Hard hats at the ready – because an asteroid is going to fly past Earth on March 5, 2016, and while there’s essentially no chance of it hitting us, it will come remarkably close to our planet.
Asteroid 2013 TX68 will swing by at a distance of between 14 million kilometers (9 million miles) and 17,000 kilometers (11,000 miles) – which is lower than the orbit of geostationary satellites. It’s pretty unlikely it’ll hit anything in orbit as it sails by, though.
The asteroid has only been tracked for a few years, which is why there is such a large range of uncertainty in the distance from Earth it will fly past, as its exact orbital parameters aren’t known. Nonetheless, astronomers have been able to essentially rule out the chance of an impact, either now or on future flybys.
When the asteroid swings back around on September 28, 2017, it will have a one in 250 million chance of hitting us, while further flybys in 2046 and 2097 have even lower chances of an impact. "The possibilities of collision on any of the three future flyby dates are far too small to be of any real concern," said Paul Chodas, manager of NASA’s Center for NEO Studies (CNEOS) in California, in a statement. "I fully expect any future observations to reduce the probability even more."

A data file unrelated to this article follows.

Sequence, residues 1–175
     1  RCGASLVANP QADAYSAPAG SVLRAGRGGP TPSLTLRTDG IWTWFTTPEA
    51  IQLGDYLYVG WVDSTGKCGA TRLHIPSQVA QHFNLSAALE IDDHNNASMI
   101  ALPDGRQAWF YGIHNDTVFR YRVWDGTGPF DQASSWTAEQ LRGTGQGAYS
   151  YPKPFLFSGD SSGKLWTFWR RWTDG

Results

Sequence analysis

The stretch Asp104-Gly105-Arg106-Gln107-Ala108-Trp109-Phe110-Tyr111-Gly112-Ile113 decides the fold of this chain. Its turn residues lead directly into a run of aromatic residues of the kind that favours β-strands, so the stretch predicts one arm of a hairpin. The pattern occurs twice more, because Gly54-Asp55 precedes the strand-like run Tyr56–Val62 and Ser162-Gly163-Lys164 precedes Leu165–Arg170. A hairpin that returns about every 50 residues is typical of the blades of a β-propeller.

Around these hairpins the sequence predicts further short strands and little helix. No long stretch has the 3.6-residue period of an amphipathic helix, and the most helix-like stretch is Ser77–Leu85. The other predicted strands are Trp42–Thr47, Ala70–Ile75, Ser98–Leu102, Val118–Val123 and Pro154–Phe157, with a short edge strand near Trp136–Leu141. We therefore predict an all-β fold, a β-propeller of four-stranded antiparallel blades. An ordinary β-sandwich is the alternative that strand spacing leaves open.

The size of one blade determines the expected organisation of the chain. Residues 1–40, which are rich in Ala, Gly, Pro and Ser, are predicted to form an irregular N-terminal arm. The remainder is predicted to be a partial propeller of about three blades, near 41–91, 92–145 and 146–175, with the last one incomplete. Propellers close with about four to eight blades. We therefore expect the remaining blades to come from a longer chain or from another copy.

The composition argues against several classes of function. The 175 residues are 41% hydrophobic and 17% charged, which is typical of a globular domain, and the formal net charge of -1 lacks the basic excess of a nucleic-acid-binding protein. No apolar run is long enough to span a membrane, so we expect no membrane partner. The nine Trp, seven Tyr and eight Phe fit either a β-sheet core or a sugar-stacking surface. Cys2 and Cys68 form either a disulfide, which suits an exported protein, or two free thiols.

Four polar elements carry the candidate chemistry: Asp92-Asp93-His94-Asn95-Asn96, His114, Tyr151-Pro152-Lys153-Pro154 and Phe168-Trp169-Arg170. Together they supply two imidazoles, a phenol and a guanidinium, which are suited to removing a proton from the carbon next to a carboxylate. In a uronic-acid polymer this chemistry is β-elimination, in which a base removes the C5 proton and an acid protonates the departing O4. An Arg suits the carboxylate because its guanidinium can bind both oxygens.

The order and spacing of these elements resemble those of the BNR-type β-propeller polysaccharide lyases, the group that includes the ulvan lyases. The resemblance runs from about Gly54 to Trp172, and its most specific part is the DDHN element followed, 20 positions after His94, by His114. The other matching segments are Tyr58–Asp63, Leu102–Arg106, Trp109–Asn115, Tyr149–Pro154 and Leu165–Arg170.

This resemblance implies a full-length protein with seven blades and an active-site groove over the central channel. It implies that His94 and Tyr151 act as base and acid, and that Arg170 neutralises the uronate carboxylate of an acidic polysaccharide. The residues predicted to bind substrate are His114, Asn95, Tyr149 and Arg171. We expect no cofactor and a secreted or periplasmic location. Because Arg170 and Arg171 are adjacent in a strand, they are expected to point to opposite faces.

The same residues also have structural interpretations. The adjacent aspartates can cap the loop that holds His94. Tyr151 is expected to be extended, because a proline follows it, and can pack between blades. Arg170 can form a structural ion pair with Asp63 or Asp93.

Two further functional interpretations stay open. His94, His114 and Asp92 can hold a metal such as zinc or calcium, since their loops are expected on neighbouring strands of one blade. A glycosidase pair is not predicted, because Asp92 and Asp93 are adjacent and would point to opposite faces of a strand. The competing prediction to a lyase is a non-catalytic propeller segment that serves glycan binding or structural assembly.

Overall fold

Shown are the possible points of closest approach for the asteroid. NASA/JPL-Caltech
The asteroid is about twice the size of the Chelyabinsk meteor that exploded over Russia in February 2013, measuring roughly 30 meters (100 feet) in diameter. If it did somehow enter the atmosphere, NASA said it would produce an airburst of about twice the energy as Chelyabinsk, which smashed windows and injured hundreds in Russia.
While we’re safe on this occasion, this asteroid does highlight the growing need for us to track near-Earth objects, and to have suitable defenses ready in case one is on a collision course. NASA recently set up a new asteroid defense office to better track hazardous asteroids, and there are a number of plans in the works – some using nuclear explosions – to deflect an asteroid, if we ever need to.
For now though, you can rest easy.